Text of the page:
gives the poem its permanent value—the episode of the As we have it, the motive of the voyage is the com-love of Jason and Medea. This occupies the greater mand of Pelias to bring back the golden fleece, and part of the third book. The first and second books are this command is based on Pelias’ desire to destroy Ja-taken up with the history of the voyage to Colchis, while son, while the divine aid given to Jason results from the fourth book describes the return voyage. These por-the intention of Hera to punish Pelias for his neglect of tions constitute a metrical guide book, filled no doubt the honour due to her. The learning of Apollonius is with many pleasing episodes, such as the rape of Hy-not deep but it is curious; his general sentiments are las, the boxing match between Pollux and Amyeus, not according to the Alexandrian standard, for they the account of Cyzicus, the account of the Amazons, are simple and obvious. In the mass of material from the legend of Talos, but there is no unity running which he had to choose the difficulty was to know what through the poem beyond that of the voyage itself.

to omit, and much skill is shown in fusing into a tolerably The Tale of the Argonauts had been told often be-harmonious whole conflicting mythological and histori-fore in verse and prose, and many authors’ names are cal details. He interweaves with his narrative local leg-given in the Scholia to Apollonius, but their works have ends and the founding of cities, accounts of strange cus-6

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toms, descriptions of works of art, such as that of

“Argonautica” was translated by Varro Atacinus, copied Ganymede and Eros playing with knucklebones,* but by Ovid and Virgil, and minutely studied by Valerius prosaically calls himself back to the point from these pleas-Flaccus in his poem of the same name. Some of his finest ing digressions by such an expression as “but this would passages have been appropriated and improved upon by take me too far from my song.” His business is the straight-Virgil by the divine right of superior genius.* The subject forward tale and nothing else. The astonishing geogra-of love had been treated in the romantic spirit before the phy of the fourth book reminds us of the interest of the time of Apollonius in writings that have perished, for in-age in that subject, stimulated no doubt by the researches stance, in those of Antimachus of Colophon, but the of Eratosthenes and others.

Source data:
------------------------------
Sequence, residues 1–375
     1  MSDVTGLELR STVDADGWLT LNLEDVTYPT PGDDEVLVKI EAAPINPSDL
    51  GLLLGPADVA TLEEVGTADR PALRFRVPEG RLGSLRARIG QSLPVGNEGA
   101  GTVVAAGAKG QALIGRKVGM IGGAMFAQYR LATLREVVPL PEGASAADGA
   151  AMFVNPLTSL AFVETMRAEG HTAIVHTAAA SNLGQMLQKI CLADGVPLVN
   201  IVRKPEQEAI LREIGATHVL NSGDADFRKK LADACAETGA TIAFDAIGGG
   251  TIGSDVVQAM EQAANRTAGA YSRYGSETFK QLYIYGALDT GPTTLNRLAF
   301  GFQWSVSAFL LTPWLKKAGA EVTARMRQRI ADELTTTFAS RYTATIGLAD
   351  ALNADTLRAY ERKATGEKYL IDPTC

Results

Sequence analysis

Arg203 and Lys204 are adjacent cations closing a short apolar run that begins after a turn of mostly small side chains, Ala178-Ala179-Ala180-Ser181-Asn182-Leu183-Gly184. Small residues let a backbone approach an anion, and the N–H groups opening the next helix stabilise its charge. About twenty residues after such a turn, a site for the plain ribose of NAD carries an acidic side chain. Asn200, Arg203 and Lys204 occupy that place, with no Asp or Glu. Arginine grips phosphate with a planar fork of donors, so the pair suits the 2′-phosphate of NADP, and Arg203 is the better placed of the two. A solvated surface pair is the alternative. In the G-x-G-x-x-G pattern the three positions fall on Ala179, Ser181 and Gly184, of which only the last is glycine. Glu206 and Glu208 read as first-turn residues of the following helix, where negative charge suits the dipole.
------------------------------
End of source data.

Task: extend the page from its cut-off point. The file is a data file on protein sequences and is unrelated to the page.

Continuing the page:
“Argonautica” is perhaps the first poem still extant in The language is that of the conventional epic.

which the expression of this spirit is developed with elabo-Apollonius seems to have carefully studied Homeric ration. The Medea of Apollonius is the direct precursor glosses, and gives many examples of isolated uses, but of the Dido of Virgil, and it is the pathos and passion of his choice of words is by no means limited to Homer. He the fourth book of the “Aeneid” that keep alive many a freely avails himself of Alexandrian words and late uses passage of Apollonius.

of Homeric words. Among his contemporaries Apollonius suffers from a comparison with Theocritus, who was a little his senior, but he was much admired by Roman writers who derived inspiration from the great classical writers of Greece by way of Alexandria. In fact Alexandria was a useful bridge between Athens and Rome. The

*e.g. compare Aen. iv. 305 foll. with Ap. Rh. iv. 355 foll.;

Aen. iv. 327-330 with Ap. Rh. I. 897, 898; Aen. iv. 522 foll.,

*iii. 117-124.

with Ap. Rh. iii. 744 foll.


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the king saw him and pondered, and devised for him the toil of a troublous voyage, in order that on the sea or among strangers he might lose his home-return.